'Coleman Andrews collapsed SAA,' Dudu Myeni tells state capture probe

Mawande AmaShabalala Political journalist
Dudu Myeni said those wanting to determine what went wrong at SAA need to go way back to the late 1990s, when the airline was under the stewardship of American Coleman Andrews.
Dudu Myeni said those wanting to determine what went wrong at SAA need to go way back to the late 1990s, when the airline was under the stewardship of American Coleman Andrews.
Image: Alon Skuy

Former SAA board chairperson Dudu Myeni says it was Coleman Andrews, former CEO of the national carrier, who was responsible for the collapse of the state-owned company.

Myeni was giving testimony at the state capture commission on Thursday.

She said attention should be paid to activities that took place at SAA during Andrews'  tenure.

Myeni mentioned this as she continued picking and choosing which questions, posed by commission evidence leader advocate Kate Hofmeyr, to answer or not.

Andrews, she added, “collapsed SAA” by selling its fleet when he was CEO. Therefore, she charged, if any of the former public enterprises ministers who were SAA shareholders were serious about corruption, locating it during the tenure of Andrews would be a good start.

Asked if former public enterprises minister Malusi Gigaba should have taken complaints about her leadership style levelled by her board colleagues seriously, she defended herself.

“I wish the minister [Gigaba] or any other minster would have taken [on] the matter of the collapsing of the South African Airways during the tenure of Coleman Andrews, who sold the fleet of SAA, putting it into the deepest challenge, with the decisions they took then,” said Myeni.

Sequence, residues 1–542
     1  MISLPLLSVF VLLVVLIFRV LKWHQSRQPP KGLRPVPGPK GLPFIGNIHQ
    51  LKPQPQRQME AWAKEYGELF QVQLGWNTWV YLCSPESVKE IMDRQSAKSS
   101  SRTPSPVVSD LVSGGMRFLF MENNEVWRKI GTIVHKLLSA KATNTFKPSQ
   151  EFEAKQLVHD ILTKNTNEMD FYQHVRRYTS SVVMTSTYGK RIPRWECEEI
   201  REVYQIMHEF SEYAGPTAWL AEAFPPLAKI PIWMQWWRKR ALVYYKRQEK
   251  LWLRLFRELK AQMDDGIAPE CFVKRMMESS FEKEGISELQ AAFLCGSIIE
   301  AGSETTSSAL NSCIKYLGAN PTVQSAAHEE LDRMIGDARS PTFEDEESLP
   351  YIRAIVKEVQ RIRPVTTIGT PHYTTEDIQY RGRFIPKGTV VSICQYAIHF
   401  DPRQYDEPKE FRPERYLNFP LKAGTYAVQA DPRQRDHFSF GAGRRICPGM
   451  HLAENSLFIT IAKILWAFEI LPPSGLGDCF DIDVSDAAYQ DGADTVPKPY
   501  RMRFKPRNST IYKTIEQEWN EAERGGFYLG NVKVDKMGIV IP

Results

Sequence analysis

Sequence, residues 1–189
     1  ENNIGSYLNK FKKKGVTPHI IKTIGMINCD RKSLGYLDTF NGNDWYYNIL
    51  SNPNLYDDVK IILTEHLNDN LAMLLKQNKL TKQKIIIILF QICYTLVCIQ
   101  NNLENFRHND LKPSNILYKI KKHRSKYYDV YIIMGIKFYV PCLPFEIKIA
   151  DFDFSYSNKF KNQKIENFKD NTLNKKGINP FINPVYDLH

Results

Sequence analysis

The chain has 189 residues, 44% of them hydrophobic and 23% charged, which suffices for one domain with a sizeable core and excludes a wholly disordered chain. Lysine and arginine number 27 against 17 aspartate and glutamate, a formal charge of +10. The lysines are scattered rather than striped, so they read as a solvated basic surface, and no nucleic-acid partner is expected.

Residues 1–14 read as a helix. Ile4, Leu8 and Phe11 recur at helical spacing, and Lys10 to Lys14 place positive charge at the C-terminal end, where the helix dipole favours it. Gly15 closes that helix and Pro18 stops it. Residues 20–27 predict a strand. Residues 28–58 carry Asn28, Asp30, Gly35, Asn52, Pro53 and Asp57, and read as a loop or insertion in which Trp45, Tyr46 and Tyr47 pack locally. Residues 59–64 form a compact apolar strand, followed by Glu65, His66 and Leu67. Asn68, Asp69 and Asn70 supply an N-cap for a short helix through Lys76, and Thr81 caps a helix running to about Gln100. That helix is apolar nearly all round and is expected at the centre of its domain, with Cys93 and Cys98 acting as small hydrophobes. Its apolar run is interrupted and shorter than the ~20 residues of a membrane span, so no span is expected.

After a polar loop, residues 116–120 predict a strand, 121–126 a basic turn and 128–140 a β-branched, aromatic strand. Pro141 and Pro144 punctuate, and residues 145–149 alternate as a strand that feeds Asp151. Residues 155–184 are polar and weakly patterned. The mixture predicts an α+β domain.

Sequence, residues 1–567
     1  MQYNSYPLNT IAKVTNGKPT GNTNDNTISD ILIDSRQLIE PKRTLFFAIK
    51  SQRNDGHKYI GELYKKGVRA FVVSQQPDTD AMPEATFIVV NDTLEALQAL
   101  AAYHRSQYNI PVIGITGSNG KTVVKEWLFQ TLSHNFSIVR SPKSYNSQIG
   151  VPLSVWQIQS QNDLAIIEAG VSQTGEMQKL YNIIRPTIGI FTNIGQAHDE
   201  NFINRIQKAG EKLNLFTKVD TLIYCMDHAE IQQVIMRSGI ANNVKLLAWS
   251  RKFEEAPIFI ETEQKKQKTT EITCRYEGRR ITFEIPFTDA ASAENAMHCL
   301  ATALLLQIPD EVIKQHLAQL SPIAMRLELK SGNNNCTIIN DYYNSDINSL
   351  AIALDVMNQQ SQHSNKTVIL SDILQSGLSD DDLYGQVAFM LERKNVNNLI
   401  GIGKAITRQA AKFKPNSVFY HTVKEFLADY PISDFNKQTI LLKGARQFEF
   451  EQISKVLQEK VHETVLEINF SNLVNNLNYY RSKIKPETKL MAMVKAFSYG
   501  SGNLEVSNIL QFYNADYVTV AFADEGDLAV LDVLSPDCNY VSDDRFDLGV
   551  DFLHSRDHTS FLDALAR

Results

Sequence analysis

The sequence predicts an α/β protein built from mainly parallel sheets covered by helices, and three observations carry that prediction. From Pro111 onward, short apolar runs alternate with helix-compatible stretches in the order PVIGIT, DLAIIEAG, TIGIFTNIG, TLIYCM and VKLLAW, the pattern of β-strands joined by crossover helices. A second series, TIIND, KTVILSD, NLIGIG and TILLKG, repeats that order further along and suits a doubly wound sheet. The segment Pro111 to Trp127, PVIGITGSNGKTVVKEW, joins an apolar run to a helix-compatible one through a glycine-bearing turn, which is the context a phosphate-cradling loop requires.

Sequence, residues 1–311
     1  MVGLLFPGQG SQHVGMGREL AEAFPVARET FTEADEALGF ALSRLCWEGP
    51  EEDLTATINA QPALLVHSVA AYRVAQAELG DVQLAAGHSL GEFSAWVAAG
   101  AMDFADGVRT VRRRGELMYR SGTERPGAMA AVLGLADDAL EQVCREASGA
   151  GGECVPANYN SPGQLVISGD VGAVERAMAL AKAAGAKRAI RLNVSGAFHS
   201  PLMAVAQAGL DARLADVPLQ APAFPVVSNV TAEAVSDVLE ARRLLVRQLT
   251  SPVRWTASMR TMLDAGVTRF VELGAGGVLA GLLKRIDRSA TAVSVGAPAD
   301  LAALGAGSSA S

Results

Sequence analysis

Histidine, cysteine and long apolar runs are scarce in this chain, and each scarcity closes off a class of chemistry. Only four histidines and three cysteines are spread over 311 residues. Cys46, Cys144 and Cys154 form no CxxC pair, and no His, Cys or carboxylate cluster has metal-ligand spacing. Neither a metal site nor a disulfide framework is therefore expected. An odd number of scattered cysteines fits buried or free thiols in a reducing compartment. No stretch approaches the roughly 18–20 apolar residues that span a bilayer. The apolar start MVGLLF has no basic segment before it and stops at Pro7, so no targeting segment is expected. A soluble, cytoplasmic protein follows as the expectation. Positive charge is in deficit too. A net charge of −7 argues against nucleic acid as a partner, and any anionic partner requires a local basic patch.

“I am hearing that the minister took something that was written by the board members [against me], but none of the ministers I reported to took seriously the matter of corruption at SAA, financial losses in the organisation as well as onerous lease agreements that exist at SAA.

“Coleman Andrews, the then CEO of SAA under the leadership of the board, under other structures like the parliamentary committee and the minister, sold and leased aircraft  that belonged to SAA and registered that he is turning the airline around.

“I am saying, the same energy and seriousness that is being emphasised about me today has never been the same energy demonstrated then,” she added.

“The same board members never raised issue about evergreen contracts, 90% of contracts being for predominantly white companies and only 2% of the total procurement spend of R30bn going to black people.”

Andrews found himself being the target of witnesses this week as Myeni was not the first to take aim at him.

Former SAA Technical board chairperson Yakhe Kwinana also laid the blame of SAA's financial woes at the door of the American.

Kwinana said on Monday: “I had the opportunity of looking at SAA financials for 18 years, from 2000 up until 2017. I want to bring it to the attention of South Africans that since 2000 there is not a single year until 2017 that SAA incurred operating profits, where the revenue is enough to cover the expenses without selling other items.

“We all know that in 2000-2001, all the fleet of SAA was sold to finance operating activities. We all know the story of Coleman Andrews, who went away with a R250m golden handshake despite the fact that SAA never incurred operating profits since 2000.”

Myeni's testimony continues.  

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